Inspired by Maudgalyayana’s filial piety to his mother, some countries like Âu Lạc (Vietnam) celebrate Ullambana in thanksgiving to the mother or both parents. We spoke with some Aulacese (Vietnamese) citizens about how they observe the festival, which they call Lễ Vu Lan.
On Lễ Vu Lan Day, one often goes to the pagoda. Children whose parents are alive often pin a red rose on their chest and white roses are for those whose parents are deceased. When going to the temple, we can commemorate our parents’ favor of raising us. We can do charity work or do good deeds as a dutiful child. The Lễ Vu Lan Festival is very meaningful to the Aulacese (Vietnamese). There’s a saying:
“Father’s favor is as high as the tallest mountain. Mother’s kindness is like the water flowing from the source.” We should always remember our parents’ favor of raising us.
It is a day for children to have a chance to show gratitude to our parents and ancestors. One can go to the pagoda or stay at home to get together with one’s family, parents, grandparents. Such days are to give the descendants a chance to know more about their ancestors and parents.
Lễ Vu Lan is the day when children can show their filial piety to their parents who gave birth and bring them up. Usually, our Aulacese people celebrate Lễ Vu Lan by activities such as going to the pagoda, praying for the liberation of our parents’ souls, floating paper lanterns to pray for the salvation of the dead.
I think that the Lễ Vu Lan festival is the day to fulfill our filial duty to our mother. If our mother is alive, we pray for our mother’s peace. If our mother is not alive, we also pray for the salvation of our mother’s soul.
On that day, Aulacese people go to the pagoda, setting free animals, praying for our mother’s peace, and doing good deeds to pray for blessings.
The 10th Vice President of Formosa (Taiwan) Annette Lu also shared precious memory of her late mother, while expanding the love for her biological mother to embrace Mother Earth, the planet.
My mother, for her background, she was a very typical Formosan (Taiwanese) woman. She was adopted since little, so in that environment, she was not able to receive a very good education like we modern women. Nevertheless, she had a strong sense of independence. She and my father fell in love and married each other in that kind of era. They worked very hard. Her daughter went as far as being a vice president.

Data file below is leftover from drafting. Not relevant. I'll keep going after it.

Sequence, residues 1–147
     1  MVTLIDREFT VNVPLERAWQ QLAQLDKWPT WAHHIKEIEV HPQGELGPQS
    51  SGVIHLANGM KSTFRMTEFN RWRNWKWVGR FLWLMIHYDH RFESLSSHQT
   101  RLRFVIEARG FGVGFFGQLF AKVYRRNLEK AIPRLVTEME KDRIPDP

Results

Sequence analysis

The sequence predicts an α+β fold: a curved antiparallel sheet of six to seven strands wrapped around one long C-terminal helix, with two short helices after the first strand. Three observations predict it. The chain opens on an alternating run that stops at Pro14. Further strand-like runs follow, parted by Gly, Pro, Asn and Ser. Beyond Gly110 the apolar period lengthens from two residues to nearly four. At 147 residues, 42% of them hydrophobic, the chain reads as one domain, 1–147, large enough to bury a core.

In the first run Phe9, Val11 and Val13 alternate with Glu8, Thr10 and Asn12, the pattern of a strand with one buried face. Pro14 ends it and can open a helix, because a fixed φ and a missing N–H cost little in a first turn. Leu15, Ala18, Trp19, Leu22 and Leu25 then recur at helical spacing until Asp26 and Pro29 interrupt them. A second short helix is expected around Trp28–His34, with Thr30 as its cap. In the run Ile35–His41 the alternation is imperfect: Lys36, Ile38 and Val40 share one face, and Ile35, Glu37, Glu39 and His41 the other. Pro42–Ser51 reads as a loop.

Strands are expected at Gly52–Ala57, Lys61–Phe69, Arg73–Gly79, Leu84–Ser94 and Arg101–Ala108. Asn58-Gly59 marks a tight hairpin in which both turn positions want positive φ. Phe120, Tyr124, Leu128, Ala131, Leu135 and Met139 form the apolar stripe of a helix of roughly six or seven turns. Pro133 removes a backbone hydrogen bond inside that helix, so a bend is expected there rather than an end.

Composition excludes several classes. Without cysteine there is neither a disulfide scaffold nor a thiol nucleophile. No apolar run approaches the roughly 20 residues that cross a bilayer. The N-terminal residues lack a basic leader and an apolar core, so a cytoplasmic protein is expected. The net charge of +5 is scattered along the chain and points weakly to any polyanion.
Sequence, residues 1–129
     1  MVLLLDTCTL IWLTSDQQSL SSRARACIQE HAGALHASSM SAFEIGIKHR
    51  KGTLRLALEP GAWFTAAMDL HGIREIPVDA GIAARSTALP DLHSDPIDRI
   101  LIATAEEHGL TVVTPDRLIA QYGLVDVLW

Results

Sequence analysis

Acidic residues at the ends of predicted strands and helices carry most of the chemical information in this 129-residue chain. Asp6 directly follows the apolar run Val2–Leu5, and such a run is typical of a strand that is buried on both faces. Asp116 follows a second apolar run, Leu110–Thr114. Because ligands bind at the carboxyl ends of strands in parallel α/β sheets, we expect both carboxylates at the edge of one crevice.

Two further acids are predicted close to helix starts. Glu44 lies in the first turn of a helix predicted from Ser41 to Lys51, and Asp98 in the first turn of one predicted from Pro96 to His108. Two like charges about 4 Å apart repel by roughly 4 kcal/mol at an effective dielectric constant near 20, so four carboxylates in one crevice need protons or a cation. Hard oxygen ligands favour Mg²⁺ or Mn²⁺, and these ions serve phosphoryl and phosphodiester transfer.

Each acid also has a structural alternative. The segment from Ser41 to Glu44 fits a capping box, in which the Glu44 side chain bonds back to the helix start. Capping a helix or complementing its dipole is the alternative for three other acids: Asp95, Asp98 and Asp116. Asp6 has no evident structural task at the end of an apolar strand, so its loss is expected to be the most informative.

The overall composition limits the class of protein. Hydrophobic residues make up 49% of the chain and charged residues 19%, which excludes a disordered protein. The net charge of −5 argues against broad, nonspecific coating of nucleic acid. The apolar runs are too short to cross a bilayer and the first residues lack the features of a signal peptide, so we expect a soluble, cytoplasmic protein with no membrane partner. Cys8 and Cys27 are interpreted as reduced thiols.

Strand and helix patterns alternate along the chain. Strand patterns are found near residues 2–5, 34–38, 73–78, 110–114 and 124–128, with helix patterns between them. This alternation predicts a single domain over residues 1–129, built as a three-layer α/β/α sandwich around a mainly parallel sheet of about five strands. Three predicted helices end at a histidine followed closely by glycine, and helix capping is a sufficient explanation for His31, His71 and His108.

I think they never expected that. I feel that all women are very hard working and very amazing. When there’s something good, they always think of their daughters, their husbands, and their children first. And they take up the hardest work themselves. Of course, our shared mother is the Earth, so I also hope everyone together takes good care of the Earth.
In Formosa (Taiwan), China, and Singapore, the Ullambana Festival has found affinity with non-Buddhist traditions and has become one of the most auspicious festivals during the year.
In Singapore, the festival in July is usually not called Ullambana, it’s called the Middle Yuan Festival. Historically, people started to celebrate the Middle Yuan Festival after the Wei Dynasty. According to the historical record, it says that there are three Yuans in a year: the first one is the Upper Yuan, which is January 15 of the Lunar Calendar, the Middle Yuan falls on July 15, and October 15 is the Lower Yuan. To celebrate the Upper Yuan Festival, people express their gratitude to the Lord of Heaven. Then in July, they show gratitude to the Lord of the Earth. Why should we thank the Lord of the Earth? It’s because the Earth is our mother who nourishes all the crops to ensure harvests and to provide bountiful food for us to eat.